Reviewed by Yvonne McKenzie, Clinical lead in IBS of the BDA Gastroenterology Specialist Group.
Edited by Miranda Lomer
Series Editor Kevin Whelan.
The gastrointestinal (GI) and hepatobiliary tract cuts into the heart of nutrition as the playing field that affects numerous functions throughout the human body and ultimately determines the risk for disorders and diseases in and beyond the gut such as obesity, diabetes and cardiovascular disease.
No surprise, then, that Advanced Nutrition and Dietetics in Gastroenterology is the first
title in a new book series, between the British Dietetic Association and the publishers, Wiley-Blackwell, of the new fifth edition of the Manual of Dietetic Practice.
Pitched at an advanced level to the Manual, 313 pages divide into four sections:
- Physiology and function of the GI and hepatobiliary tract including all the major organs, the gastrointestinal microbiota and the role of the gut neuroendocrine system in appetite regulation
- Dietary components relevant to GI
- health, on fibre, short-chain fermentable
- carbohydrates, probiotics and prebiotics
- GI disorders
- Hepatobiliary disorders
The last two sections relate to the pathogenesis, nutritional consequences and dietary management of disease, complementing the format of the Manual.
The 43 chapters were edited by Senior Consultant Dietitian Miranda Lomer, the first chair of the BDA Gastroenterology Specialist Group (GSG) and this year’s award winner of the BDA’s prestigious Elsie Widdowson annual lecture. The book is an outstanding, authoritative collaboration with 71 key opinion leaders dedicated to gastroenterology and hepatology: over 80% are UK dietitians, gastroenterologists, surgeons and scientists.
Just under 40% are dietitians, a justifiable number as reflected in the forward by Professor Colm O’Morain, President of the United European Gastroenterology Federation 2011-13: “the first question the patient asks when faced with gastrointestinal problems is regarding diet”.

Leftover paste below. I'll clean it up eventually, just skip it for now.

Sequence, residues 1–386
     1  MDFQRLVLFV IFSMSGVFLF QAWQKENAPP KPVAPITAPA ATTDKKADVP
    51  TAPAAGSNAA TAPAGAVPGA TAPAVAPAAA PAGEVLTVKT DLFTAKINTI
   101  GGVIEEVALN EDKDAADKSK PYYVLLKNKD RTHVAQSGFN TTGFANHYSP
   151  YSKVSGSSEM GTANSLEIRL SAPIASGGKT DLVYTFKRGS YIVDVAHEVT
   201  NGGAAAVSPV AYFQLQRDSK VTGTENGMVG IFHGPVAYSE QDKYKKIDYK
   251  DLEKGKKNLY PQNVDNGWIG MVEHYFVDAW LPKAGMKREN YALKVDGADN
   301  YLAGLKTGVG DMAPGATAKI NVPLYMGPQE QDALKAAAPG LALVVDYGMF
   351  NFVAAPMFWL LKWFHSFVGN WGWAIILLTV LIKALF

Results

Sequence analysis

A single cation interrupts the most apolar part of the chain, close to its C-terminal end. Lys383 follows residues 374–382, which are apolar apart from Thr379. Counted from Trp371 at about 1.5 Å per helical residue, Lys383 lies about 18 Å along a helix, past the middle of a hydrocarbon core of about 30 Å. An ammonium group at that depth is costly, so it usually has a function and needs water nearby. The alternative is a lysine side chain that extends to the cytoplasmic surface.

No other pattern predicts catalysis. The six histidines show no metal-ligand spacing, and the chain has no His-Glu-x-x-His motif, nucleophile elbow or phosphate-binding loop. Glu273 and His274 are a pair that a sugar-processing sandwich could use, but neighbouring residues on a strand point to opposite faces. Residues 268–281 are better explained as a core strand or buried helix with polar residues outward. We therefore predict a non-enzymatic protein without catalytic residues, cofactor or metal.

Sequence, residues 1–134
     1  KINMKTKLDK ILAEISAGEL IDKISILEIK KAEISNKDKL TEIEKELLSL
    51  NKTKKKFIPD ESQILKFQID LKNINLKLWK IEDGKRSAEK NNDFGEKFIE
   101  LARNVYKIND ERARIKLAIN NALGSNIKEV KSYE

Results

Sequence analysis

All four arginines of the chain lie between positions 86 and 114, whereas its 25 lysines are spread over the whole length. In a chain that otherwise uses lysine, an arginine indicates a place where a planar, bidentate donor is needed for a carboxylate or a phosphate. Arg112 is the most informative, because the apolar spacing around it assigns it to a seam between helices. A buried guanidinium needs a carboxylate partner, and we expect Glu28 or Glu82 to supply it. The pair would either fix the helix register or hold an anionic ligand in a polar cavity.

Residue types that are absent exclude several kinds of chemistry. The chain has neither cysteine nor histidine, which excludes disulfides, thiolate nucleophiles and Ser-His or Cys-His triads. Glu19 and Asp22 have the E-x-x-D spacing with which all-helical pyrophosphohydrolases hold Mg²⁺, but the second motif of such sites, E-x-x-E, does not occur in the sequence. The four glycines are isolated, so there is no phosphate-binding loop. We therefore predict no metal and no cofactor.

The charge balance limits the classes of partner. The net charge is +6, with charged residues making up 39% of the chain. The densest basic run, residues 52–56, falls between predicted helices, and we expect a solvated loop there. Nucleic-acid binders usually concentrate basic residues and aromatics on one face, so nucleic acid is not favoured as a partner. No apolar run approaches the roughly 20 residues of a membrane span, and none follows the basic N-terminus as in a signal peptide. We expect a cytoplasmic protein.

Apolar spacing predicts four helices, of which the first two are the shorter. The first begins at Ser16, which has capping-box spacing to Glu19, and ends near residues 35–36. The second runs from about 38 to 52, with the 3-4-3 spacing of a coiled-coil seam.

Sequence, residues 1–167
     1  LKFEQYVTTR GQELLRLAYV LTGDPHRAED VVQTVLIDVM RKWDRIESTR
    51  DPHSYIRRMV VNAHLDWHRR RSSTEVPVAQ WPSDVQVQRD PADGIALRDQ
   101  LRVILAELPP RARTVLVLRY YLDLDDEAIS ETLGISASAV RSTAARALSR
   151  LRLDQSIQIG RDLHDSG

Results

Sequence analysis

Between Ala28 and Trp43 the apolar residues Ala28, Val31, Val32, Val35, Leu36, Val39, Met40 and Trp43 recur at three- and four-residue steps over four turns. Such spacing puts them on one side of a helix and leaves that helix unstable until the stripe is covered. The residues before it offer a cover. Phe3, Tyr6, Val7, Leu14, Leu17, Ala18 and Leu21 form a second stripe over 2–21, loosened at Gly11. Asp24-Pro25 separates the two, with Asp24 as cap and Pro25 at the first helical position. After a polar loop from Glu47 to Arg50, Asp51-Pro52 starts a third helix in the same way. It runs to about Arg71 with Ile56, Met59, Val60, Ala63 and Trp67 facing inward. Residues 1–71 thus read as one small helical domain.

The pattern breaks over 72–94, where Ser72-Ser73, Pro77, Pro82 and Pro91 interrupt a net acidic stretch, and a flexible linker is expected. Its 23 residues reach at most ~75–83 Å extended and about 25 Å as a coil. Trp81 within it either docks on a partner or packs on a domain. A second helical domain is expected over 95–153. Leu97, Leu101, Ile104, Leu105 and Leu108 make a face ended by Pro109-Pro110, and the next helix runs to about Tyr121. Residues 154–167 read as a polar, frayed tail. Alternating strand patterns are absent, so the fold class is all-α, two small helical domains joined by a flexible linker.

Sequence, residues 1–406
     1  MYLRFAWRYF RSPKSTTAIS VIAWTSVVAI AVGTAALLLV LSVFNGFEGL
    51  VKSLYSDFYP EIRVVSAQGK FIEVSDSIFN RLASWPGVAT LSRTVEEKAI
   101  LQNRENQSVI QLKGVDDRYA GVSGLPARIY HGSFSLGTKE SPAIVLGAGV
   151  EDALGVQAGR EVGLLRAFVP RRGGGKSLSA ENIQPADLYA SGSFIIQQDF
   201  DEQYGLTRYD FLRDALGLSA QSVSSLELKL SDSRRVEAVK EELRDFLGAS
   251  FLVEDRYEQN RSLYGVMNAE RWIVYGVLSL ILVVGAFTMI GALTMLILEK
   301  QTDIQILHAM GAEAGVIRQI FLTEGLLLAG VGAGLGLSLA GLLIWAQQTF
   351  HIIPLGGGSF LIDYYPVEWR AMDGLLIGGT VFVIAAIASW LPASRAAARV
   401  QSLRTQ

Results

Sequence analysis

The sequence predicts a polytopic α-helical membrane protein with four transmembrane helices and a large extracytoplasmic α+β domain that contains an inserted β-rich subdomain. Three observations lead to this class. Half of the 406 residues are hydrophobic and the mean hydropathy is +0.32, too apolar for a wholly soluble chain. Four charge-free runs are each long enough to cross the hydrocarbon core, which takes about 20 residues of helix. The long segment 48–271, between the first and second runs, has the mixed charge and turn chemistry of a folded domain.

Among the intended readership are clinical dietitians treating adults or children, research dietitians and those in tertiary dietetics and nutrition education (educators and final year BSc and MSc students). And who better to oversee such a major initiative than Kevin Whelan, Professor of Dietetics and Associate Editor-in-Chief for the Journal of Human Nutrition and Dietetics? This comprehensive yet handy (24.4x17x1.5cm), sturdy paperback costs £39.99 , you may find it discounted by about £5.00.
Also available as an e-book: with Apple iBooks on a Mac or iOS device (£31.99) or Kindle (£30.69). The book is presented well in black and white, although a few figures would have been more meaningful in colour. The book’s logical layout is commendable, helping readers to efficiently utilise the book.
Small bites of information are aided by:
- clear subheadings to focus on concise details (e.g. nutritional status of colorectal cancer patients, p257-260)
- useful tables and figures (e.g. ESPEN guidelines on enteral nutrition: non-surgical oncology, giving recommendations with grade of evidence, investigation of persistent symptoms on a gluten-free diet, figure, p165)
- sign posting (e.g. guidelines for the provision of enteral nutrition as primary therapy in Crohn’s disease, table, p192)
In individual chapters, with pathways of knowledge gained through the concise linking of disorder/disease causality to evidence-based critical reviews relating to food and nutrition to considered judgment for treatment to insight into future research. For example, in chapter 3.3 on Gastro-oesophageal reflux disease, compared to its equivalent in the Manual, a deeper understanding may be gained of the evidence-base on diet:
a) causing reflux (meal volume, consistency and macronutrient intakes, as well as beverages and eating behaviour) and
b) as efficacious treatment, with detail given on research needs.
Non-dietary factors, such as physical activity, pharmacotherapy and other therapies, provide a helpful perspective to treatment strategies.
Hot topics in gastroenterology include our GI microbiota and the effects of dietary
carbohydrates (e.g. FODMAPs). These chapters are well worth reading as part of your paediatric or adult dietetic CPD: “Current research has shown a connection between the microbiota and health issues such as obesity, diabetes, cancer, autism, allergies, inflammatory bowel disease and irritable bowel syndrome” (p45) - text to inspire your own further education or research?
As a former acting chair of the GSG of the BDA, I highly recommend this book. It belongs on the bookshelf (real or virtual) of every dietetic department or practice, and is unlikely to collect dust.
The BDA has launched an advanced nutrition book series featuring books that cover a range of dietetic specialisms. Find out more about the book series here.